“Before he spoke,” Cook answered, “my Sergeant Major made entreaties that he not do so, that instead he disperse the crowd. But Penn spoke and attracted a great crowd in so doing.”
“Do you know what he said to the crowd?”
“I could not hear for the noise, but I did not like the tenor of it.”
Starling seemed content as he said, “Very well. You may go.”
Lieutenant Cook stood up smartly, and saluted. As he started to step down, a surprised Penn stood up.
“Sir, if I may be allowed to ask the Lieutenant…”
“Sit down, Sir,” Starling ordered. “You are out of order.” Without missing a breath, he added, “Call the Constable Richard Read.”
As Lieutenant Cook left and Penn slowly took his seat, Howell, a sinister smile on his face, turned to the jury and began sizing them up, each in turn.
The jury’s reaction appeared to be mixed. Edward, Jack and Charlie were looking stoic and slightly skeptical. John Hammond looked confused – and therefore, probably not a problem; the confused seldom are. Until Hammond glanced at the first three for their reaction, as if he might be more swayed by the skeptics than by the weight of the Court. That might amount to four questionables. On the other hand, Michel, Damask and Plumstead all appeared to be seriously considering the testimony, while the other five -- Veer, Leaver, Henley, Walklet, and Brightman -- were showing varying degrees of agreeing with whatever had transpired… just as soon as they could figure out what had in fact transpired.
Howell leaned back in his chair. ‘No problemo,’ he might have at some time in the distant future have said aloud. For now, it was just the thought that counted.
Richard Read was on the witness stand, obviously in a highly charged and very emotional state. His testimony was spiced tears and a choked, harsh voice. Howell, looking sympathetic, was standing in front of him.
“I was on my way home when I heard the deafening noise.” With Howell’s unspoken encouragement, Read continued, “Even in my car with the windows up, it unnerved me. Then as I turned the corner I could see it some two or three blocks up the street.”
Read had been in his car when it turned the corner onto the street of the explosion. Two and a half blocks away, the front facade of a Colorado Springs five-story brick building was in the process of toppling over into the street. Flames and debris from the building’s lower floor were already scattered about the street. As Read continued to describe the scene, there were people on the street, already injured or dead from the initial blast. Others were staggering about, with only a few aware of the building beginning to fall on them.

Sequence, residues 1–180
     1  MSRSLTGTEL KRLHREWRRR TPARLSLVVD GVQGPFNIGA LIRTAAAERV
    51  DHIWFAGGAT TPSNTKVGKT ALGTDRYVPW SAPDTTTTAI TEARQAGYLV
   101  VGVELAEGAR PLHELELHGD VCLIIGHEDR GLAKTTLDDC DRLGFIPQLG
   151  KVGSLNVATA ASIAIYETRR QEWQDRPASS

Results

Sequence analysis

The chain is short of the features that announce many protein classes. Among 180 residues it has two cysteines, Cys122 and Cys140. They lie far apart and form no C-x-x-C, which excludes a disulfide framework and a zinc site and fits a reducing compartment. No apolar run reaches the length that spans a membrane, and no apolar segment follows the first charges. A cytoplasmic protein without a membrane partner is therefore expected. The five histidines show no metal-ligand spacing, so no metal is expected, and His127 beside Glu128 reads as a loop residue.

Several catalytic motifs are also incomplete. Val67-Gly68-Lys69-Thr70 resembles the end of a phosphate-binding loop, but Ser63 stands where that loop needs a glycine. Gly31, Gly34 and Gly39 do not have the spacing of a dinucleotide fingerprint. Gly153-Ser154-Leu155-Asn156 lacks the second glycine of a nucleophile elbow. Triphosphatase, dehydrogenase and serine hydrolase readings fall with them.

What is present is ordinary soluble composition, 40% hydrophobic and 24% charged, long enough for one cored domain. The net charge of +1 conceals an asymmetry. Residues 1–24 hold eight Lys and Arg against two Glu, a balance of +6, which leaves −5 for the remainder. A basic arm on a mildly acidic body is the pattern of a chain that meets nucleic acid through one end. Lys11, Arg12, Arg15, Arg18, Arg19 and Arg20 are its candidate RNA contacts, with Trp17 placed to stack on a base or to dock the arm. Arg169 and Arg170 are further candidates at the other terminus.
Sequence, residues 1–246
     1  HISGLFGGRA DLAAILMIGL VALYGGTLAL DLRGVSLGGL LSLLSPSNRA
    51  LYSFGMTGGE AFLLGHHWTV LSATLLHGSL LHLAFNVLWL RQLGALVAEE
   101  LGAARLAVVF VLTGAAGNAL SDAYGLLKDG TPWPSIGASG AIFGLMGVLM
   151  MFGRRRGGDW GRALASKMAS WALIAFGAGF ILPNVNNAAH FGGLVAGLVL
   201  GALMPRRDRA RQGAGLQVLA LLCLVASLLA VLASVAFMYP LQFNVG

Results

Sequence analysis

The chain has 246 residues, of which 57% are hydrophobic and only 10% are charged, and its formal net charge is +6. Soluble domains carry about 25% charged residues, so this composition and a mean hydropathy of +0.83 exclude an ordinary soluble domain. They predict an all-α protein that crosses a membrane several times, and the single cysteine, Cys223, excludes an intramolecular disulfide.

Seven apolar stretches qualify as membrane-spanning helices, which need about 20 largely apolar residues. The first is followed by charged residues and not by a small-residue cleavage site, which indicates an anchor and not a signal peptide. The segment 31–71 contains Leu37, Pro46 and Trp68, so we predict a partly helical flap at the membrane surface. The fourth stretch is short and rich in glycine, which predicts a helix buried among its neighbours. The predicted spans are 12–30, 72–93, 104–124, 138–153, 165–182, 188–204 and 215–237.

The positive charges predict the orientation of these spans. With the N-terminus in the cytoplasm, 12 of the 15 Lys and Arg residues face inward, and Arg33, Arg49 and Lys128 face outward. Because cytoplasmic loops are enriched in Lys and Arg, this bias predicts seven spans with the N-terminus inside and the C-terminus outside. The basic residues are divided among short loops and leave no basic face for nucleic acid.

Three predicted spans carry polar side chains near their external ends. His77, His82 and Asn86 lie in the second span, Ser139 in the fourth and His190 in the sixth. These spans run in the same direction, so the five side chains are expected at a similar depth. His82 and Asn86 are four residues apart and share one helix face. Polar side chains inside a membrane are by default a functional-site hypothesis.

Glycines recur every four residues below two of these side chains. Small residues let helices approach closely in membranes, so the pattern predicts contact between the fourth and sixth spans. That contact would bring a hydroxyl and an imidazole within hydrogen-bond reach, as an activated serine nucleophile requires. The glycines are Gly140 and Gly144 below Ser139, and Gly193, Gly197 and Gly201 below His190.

“Oh my God, it was terrifying! I don’t know why, but somehow I knew my wife was inside, that she was in immense pain and dying. By the time I reached the building, all I could do was stand there and weep. There were fires and smoke everywhere.”
Howell knew not to interrupt an emotional response, but Read was only shaking his head, clearly not able to continue. 'Time to move it along,' Howell decided. “Did you see either of the defendants?”
Read shook his head. “I don’t know. There were the fires everywhere and explosions! Everything kept exploding! And the screaming, the people on fire and trying to run from the building! Oh, my God, you can’t imagine the horror! My family was being burned alive before my very eyes! I just know it!”
As Read broke down into sobs, Howell stepped around to the side of the witness box, where he comfortingly put his hand on the man’s slumped shoulders.
In London, Read’s demeanor was radically altered. Raising his head, his expression was now one of supreme confidence. Starling watched the witness as the Clerk backed away with the much-kissed Bible.
Without waiting for his cue, Read began, “My Lord, I was required at Gracechurch Street because of a great tumult of people gathered there. I heard Mr. Penn speaking to the crowd and Mr. Mead with Lieutenant Cook, but what either said I could not tell. I with my watchmen endeavored to get at Mr. Penn to pull him down, but the people gathered there began kicking my watchmen and myself on the shins.”
Several vocal murmur erupted from the spectators, essentially of the nature of, ‘Quakers? Is he mad?’ As the skepticism filtered through the crowd, more than a few expressions of disbelief followed.